Thursday, July 10, 2008

Built to Last

I was sorting through old newspapers in the pile to read and found a column from the Merc that struck a nerve. Normally, business columnists are either shallow and superficial, or opinionated with conclusions not supported by the evidence presented (let alone reality). This was definitely neither of those cases.

The May column by Chris O'Brien refers to a speech by utility executive Jim Rogers:

Rogers described how he has embraced something called “cathedral thinking” and he was calling on the Valley to join him. I cringed at first mention of the term, worried that he was going to digress into some awkward religious metaphor.
(I’m not sure why O’Brien automatically assumed a religious metaphor would be awkward. Has he not heard of The Cathedral and the Bazaar, a metaphor embraced by as irreligious a bunch of geeks as you’ll ever find?)

Fortunately, O’Brien listened long enough to get the full story.
Rogers talked about a recent visit he’d made to Europe where he visited a number of the great cathedrals. It struck him that the person who often envisioned these great buildings didn’t live to see them built. Instead, they articulated a powerful vision that galvanized people to work on something that took generations to realize.
Rogers is proving the timelessness of two well-understood principles of effective business (or military) strategy. One is a long-term vision of what needs to be done; the second is creating a strategy (or perhaps just a culture or a set of enabling competencies) that will bring that vision to fruition, even if it’s long after the strategist is gone. This latter point is the theme of the Jim Collins bestseller. Bill and Dave certainly had it, Tom Watson Jr. had it, and I suspect (in their own narrow self-interested way) Gene Kleiner and Tom Perkins had it too.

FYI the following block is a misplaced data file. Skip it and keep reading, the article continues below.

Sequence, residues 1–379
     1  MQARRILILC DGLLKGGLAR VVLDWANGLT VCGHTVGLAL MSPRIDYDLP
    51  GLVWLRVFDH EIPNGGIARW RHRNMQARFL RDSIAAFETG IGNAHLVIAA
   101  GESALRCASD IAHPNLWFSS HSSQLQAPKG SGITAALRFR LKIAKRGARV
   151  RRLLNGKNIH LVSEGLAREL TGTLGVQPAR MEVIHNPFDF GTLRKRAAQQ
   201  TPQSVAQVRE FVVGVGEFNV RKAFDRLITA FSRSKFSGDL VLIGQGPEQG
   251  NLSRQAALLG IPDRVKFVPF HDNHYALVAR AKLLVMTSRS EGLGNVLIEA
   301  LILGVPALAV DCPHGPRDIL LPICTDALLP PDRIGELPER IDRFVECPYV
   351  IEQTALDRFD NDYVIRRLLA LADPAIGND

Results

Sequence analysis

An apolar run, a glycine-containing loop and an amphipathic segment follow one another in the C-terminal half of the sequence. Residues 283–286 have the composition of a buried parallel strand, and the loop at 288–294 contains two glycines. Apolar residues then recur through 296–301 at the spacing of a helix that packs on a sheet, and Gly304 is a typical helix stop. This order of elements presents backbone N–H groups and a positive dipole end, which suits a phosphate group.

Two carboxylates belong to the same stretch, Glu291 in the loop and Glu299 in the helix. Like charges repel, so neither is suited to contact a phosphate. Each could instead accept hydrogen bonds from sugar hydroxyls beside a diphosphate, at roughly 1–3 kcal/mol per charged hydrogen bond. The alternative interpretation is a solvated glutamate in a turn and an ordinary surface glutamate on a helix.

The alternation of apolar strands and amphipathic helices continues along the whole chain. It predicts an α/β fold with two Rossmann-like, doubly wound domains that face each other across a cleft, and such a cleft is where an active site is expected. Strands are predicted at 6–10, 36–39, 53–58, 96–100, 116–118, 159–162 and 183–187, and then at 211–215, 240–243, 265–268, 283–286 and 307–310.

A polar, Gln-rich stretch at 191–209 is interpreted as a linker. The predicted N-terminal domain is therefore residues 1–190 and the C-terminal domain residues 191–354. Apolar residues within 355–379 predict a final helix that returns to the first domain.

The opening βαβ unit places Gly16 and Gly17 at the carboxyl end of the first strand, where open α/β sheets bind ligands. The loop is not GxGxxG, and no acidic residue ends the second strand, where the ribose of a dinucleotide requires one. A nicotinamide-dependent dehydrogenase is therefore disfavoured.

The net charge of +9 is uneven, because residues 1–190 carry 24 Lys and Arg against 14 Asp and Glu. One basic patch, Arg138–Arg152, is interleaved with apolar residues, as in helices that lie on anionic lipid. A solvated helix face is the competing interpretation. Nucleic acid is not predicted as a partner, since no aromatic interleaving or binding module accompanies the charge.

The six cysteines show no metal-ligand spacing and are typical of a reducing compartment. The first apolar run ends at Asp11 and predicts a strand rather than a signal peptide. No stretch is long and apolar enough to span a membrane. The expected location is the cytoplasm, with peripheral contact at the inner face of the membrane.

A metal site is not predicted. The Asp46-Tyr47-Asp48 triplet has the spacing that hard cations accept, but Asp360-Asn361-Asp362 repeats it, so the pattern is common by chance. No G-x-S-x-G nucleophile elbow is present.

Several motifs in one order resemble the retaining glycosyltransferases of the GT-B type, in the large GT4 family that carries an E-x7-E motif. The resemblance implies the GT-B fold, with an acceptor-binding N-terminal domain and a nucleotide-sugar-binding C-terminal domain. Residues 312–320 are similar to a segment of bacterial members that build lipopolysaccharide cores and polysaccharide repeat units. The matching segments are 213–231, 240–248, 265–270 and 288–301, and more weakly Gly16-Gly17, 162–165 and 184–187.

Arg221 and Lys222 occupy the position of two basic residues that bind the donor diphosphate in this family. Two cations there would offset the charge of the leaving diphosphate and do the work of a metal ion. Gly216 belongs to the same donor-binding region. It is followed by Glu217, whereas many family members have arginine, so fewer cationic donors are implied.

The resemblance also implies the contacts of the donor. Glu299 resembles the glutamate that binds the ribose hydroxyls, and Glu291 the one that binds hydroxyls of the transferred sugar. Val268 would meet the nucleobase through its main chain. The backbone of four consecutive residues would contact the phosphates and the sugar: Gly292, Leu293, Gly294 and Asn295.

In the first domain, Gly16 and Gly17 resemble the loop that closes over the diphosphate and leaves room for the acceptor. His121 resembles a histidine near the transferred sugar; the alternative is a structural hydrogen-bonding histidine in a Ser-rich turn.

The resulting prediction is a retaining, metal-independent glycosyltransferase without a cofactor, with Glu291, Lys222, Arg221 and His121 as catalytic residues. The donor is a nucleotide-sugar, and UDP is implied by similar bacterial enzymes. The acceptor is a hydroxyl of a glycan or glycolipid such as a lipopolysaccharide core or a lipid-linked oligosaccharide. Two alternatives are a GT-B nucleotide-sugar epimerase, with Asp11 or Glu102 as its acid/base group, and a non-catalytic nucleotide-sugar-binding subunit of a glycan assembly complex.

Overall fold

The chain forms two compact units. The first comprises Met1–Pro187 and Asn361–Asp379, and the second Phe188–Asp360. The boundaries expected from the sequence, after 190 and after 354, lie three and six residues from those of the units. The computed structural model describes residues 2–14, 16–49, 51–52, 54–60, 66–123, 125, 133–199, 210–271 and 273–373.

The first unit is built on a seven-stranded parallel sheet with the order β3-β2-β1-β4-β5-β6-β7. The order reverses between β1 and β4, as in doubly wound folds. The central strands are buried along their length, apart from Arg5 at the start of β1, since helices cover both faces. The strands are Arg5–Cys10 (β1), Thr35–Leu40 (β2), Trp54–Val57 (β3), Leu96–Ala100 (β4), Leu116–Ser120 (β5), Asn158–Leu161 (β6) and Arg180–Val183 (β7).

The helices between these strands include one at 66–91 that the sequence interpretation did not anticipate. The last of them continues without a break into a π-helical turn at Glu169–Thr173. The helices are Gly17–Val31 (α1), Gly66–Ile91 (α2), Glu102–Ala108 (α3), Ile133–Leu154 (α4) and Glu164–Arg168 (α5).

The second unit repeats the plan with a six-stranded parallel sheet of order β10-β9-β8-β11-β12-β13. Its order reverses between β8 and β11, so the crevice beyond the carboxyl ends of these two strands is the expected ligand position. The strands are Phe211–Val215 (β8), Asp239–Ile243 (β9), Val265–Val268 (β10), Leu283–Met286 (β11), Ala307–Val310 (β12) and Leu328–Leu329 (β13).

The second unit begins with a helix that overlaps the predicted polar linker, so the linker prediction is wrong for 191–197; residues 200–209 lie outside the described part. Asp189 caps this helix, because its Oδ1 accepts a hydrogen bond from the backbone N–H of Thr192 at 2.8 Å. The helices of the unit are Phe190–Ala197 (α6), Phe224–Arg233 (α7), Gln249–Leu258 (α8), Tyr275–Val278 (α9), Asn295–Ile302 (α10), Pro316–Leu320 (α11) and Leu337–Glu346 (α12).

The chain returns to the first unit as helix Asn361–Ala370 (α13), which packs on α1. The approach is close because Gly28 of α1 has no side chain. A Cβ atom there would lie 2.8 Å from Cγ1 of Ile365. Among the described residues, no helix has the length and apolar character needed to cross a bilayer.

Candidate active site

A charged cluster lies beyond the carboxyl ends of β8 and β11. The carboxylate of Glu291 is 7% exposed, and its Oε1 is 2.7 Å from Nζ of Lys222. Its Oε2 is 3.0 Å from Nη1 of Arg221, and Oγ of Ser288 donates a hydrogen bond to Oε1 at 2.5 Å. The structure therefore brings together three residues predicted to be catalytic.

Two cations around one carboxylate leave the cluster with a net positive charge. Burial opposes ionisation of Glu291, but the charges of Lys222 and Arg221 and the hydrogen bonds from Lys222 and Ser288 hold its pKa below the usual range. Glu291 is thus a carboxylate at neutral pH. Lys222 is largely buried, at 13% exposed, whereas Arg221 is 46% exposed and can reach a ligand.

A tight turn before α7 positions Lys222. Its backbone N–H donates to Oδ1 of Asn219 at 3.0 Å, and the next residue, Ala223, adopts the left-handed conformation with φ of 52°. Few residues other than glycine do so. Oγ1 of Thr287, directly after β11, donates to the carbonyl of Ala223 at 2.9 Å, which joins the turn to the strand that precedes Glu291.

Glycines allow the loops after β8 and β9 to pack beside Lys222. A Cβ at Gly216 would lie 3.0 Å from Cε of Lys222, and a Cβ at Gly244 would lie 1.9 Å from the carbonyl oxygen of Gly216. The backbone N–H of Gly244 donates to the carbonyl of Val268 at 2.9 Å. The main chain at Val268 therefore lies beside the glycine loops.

[Doonesbury]The American political system is seriously broken by the exact opposite thinking Solving a real problem (like homeless people, failed public housing, structural budget deficits, social security) is important for society but too hard for politicians – so they don’t try. Instead, they “kick the can down the road” on these problems and find some symbolic quick victory (like televised hearings) to get re-elected one more time. Duane Delacourt, Doonesbury’s fictional “secretary of symbolism” for President Carter and then Governor Moonbeam, is now no longer exceptional enough to be worth mentioning.

Similarly, today’s CEOs want to string together 10 or 15 quarters of increasing earnings by a penny each time, so they can be handsomely rewarded for sandbagging their objectives before they are sacked. And VCs want to flip a company onto some greater fool before anyone is the wiser.

The occasion of the column and Rogers’ visit was a party commemorating the birthday of a 20-year-old startup, Echelon Corporation. Echelon had an unusually patient management team and board of directors; today its Pyxos embedded control platform appears to be both technologically ripe, and to have found a timely business need —managing industrial, commercial and residential energy usage. The IRR is probably not impressive for the venture investors, but the vision of the CEO and late COO have been validated — and the world is a better place for it.

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